Scaleable Urban Simulation: this was a game I developed for the Urban Operations Planners Course before I realized that I had to take a much simpler and more streamlined approach with the non-gamer students (which resulted in the QUICK). The idea is that there is a set of core rules that cover basic sets of missions/operations – moving, fighting, renewing, seeking – that are applicable to any of the three module levels the game is played out on: Division (where division HQ tells brigade HQs what to do, who then get battalion groups to do the operations and fighting); Brigade (Brigade HQ, battalion HQs, company size task forces); or Battalion (battalion HQ, company HQs, platoons with attachments). Meanwhile there are exclusive rules and different mixes of Enablers and things like that for the different modules; it is also a more open to modelling different points on the “competition continuum” than the QUICK, which is oriented towards large-scale, very kinetic combat operations. The game centres more on the activities of formation HQ units that become less and less able to do what they want to do (or are told to do) as they get tired and dissipated, as opposed to modelling combat resolution and damage to maneuver units. Components are a sheet of counters, formation cards, a set of 80 coloured cubes as needed for the QUICK and a map built up out of isomorphic tiles so battlefields can be built however you like. Would like to work on and test this with other human beings once or twice before putting it up for free PnP.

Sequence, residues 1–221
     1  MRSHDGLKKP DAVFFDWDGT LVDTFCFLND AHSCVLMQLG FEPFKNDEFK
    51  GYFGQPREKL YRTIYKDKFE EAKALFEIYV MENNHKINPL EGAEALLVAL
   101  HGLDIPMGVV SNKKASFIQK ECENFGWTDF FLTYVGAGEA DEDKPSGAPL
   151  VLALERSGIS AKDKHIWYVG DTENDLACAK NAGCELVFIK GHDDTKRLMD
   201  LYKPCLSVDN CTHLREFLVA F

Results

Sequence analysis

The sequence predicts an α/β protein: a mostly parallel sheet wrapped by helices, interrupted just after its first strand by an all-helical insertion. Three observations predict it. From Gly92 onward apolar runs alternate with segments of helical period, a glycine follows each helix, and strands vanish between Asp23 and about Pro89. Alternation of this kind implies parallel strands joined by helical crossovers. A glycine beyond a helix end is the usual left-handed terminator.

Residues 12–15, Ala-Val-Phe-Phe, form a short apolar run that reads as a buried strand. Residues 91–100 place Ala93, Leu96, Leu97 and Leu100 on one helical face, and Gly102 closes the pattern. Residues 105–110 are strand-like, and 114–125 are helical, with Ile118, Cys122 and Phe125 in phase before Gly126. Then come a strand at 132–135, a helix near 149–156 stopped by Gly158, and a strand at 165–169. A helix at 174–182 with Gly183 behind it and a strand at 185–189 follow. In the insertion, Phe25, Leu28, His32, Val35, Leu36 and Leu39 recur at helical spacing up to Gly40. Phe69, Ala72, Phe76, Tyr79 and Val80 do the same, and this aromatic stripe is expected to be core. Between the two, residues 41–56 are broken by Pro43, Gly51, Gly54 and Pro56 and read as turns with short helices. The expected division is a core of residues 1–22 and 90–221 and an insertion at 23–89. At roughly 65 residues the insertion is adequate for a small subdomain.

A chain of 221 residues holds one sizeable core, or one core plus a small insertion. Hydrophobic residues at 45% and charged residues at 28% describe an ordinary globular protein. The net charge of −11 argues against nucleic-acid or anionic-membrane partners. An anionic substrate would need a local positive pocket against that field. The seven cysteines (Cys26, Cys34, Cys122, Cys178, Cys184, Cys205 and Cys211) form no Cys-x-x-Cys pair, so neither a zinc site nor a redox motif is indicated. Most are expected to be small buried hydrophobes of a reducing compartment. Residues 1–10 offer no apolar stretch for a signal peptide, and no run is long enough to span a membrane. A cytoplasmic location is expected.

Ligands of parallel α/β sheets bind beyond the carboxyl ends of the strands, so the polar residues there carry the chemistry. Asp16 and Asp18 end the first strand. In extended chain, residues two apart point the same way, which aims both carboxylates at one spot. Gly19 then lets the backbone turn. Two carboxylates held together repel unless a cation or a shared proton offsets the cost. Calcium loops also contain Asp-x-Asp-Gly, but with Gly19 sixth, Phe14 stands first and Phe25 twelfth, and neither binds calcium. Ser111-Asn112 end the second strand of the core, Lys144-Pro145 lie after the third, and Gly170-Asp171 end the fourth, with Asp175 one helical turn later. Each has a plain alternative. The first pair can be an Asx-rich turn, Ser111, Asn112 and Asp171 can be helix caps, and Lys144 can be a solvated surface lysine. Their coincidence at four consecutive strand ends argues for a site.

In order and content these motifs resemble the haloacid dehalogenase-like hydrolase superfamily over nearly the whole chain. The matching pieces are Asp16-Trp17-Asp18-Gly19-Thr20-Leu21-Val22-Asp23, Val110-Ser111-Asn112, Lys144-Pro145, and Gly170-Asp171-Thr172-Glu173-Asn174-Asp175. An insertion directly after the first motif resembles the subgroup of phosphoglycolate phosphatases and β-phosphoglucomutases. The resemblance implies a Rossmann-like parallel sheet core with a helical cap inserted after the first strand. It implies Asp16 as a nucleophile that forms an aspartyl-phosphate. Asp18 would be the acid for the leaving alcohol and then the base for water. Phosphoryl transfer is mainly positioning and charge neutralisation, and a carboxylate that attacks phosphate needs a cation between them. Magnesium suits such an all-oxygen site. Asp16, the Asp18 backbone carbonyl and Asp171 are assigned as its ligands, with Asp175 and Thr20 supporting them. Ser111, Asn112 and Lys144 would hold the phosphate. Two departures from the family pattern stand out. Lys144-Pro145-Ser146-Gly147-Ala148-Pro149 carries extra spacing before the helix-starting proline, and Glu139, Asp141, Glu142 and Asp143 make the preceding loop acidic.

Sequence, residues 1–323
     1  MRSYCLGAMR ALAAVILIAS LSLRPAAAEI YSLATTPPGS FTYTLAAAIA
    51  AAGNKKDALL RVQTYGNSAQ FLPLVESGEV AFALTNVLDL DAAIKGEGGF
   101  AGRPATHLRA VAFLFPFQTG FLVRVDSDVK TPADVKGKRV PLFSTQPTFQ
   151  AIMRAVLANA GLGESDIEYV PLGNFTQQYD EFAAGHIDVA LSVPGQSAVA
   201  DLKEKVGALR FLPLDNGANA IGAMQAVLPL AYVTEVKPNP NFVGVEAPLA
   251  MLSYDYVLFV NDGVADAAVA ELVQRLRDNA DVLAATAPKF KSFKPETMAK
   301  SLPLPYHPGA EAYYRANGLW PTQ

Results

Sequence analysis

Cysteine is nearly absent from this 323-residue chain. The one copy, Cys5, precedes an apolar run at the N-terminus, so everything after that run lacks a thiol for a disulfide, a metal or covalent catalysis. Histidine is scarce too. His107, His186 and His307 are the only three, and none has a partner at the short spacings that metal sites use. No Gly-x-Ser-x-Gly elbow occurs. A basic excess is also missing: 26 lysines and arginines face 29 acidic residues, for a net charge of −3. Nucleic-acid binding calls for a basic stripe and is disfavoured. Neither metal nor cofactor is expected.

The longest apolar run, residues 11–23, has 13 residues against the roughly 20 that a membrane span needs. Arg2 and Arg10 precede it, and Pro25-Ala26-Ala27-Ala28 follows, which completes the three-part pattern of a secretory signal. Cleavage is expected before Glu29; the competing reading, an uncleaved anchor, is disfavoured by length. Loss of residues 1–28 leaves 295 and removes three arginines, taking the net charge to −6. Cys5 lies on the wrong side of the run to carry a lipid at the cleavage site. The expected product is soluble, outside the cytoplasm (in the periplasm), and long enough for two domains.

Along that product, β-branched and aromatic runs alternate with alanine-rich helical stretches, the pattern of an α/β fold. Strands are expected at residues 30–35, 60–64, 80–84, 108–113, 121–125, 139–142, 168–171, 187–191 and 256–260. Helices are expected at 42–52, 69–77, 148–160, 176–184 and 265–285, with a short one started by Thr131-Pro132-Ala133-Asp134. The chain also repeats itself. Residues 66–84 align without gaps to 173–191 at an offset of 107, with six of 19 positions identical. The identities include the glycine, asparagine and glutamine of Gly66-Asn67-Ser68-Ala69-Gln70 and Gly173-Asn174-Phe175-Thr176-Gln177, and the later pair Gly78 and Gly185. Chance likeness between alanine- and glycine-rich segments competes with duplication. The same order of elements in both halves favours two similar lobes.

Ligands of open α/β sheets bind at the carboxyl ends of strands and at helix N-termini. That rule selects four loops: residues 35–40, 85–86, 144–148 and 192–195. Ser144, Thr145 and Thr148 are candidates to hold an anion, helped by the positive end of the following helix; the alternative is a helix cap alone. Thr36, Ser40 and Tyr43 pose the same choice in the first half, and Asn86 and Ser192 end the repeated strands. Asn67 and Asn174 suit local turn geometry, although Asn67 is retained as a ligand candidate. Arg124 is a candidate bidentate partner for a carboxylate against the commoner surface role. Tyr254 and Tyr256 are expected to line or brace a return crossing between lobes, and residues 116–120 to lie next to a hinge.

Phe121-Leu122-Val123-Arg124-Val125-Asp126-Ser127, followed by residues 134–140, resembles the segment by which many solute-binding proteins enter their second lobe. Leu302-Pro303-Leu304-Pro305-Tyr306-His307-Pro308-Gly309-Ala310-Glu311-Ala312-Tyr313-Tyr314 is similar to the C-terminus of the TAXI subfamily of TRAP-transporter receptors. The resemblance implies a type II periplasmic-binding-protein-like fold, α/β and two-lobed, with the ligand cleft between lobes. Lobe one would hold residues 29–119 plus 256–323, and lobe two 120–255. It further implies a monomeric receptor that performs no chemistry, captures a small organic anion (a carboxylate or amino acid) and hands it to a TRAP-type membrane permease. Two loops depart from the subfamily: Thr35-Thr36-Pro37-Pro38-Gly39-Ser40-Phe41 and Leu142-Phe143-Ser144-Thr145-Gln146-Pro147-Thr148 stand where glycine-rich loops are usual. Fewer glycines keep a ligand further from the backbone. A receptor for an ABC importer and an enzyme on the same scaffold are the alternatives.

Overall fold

Strongman: a thorough redesign of Caudillo, for 3-5 players. Mostly done in Early Lockdown with the help of another designer but I’ve returned to it this year to straighten out a couple of points.  Again, would like to test this with some other humans, as this is one I think would be formally published (though the art bill would not be small, since it is a card game).